Online Literary Magazine

Thoughtful Dog Interview with Douglas Light

Thoughtful Dog Interview with Douglas Light

Douglas Light’s newest book, Where Night Stops (2018, Rare Bird Books) has been called “a well executed thriller that combines genre staples with literary style,” by Foreward Reviews.

Light is the author of Girls in Trouble (2011, University of Massachusetts Press), which won the 2010 AWP Grace Paley Prize in Short Fiction. The story collection was also lauded by Pulitzer-Prize winning author, Junot Diaz, as a “…wonderful collection about some rough-ass lives—this dude is the real deal.” Light also had the distinction of co-writing The Trouble with Bliss, the screen adaptation of his debut novel East Fifth Bliss (2007, Behler Publications), starring Brie Larson, Michael C. Hall and Peter Fonda.

Thoughtful Dog caught up with Douglas Light to talk about his newest book, the process of writing the screenplay to his book and whether the rumor that he begins writing at 4 am is true.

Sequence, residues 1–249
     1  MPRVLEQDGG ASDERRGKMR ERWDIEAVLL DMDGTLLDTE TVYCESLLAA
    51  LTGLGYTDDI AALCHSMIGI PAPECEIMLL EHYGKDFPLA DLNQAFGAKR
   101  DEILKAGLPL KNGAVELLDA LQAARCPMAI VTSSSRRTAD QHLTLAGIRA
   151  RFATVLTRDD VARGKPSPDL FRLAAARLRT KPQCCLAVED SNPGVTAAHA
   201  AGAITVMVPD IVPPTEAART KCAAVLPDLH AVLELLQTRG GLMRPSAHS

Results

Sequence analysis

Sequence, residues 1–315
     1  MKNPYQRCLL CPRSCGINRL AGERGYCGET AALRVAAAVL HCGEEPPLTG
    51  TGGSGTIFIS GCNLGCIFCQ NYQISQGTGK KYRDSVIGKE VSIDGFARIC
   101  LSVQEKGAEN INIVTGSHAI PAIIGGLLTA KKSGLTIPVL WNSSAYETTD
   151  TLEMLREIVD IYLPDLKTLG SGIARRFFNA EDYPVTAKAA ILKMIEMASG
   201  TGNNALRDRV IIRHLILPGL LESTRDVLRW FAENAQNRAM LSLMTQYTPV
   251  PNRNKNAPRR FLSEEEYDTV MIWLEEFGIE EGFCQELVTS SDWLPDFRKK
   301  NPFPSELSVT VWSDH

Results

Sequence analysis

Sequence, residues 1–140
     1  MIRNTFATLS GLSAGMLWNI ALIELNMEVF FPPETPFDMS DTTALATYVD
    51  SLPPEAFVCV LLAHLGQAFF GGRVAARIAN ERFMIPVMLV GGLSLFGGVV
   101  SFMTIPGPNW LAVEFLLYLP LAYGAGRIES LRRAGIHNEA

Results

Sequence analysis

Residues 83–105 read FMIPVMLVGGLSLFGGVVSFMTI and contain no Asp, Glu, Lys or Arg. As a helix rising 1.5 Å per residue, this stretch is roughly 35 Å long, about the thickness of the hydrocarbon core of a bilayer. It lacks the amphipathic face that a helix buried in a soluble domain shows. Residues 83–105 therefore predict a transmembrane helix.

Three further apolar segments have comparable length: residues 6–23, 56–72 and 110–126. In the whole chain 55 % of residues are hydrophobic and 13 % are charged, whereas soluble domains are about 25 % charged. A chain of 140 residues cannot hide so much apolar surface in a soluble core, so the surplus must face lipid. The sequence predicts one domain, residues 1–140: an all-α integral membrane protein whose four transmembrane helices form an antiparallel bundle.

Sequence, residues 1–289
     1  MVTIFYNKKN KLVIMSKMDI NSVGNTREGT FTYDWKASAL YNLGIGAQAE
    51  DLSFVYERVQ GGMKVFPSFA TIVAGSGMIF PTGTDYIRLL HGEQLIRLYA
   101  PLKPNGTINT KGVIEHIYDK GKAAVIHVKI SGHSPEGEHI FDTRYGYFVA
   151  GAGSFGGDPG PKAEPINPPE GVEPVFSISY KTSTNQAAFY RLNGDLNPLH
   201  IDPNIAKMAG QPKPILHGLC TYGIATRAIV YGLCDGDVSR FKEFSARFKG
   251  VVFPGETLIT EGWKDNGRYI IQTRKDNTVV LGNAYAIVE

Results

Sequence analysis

TD: Your book, Where Night Stops, starts with a young man from Windstop, Iowa who has experienced a tragedy and travels to Seattle where he lives in a homeless shelter.  You had a similar experience, arriving in Seattle with $280 in your pocket from Indiana and actually living in the Lighthouse Shelter.  I’m assuming some parts of this novel are autobiographical, at least the Lighthouse Shelter experience?  If so, did it take some time, and distance, to be able to write about it?

DL: Portions of Where Night Stops are based on personal experience, the shelter section being one. The killings, the skullduggery, the double-crosses and the international intrigue—yeah, that’s all fiction.

As for my time in the shelter, I’m still sifting through the experience 25-plus years later. I’d like to think there is some grand lesson from it all. There’s not. At least not that I’ve found. I have a wealth of confusion and shame about that period of my life. Which makes it both amazing and painful fodder for writing.

A line from one of the characters best sums up my takeaway from being homeless: “You know what the problem with problems is? It’s not solving them. You’d think that’d be the hard part but it’s not. The hard part is living with the solution. It’s like you spend the first part of your life trying to figure it all out. Then you spend the second part just trying to forget all the stupid things you did to figure it all out.”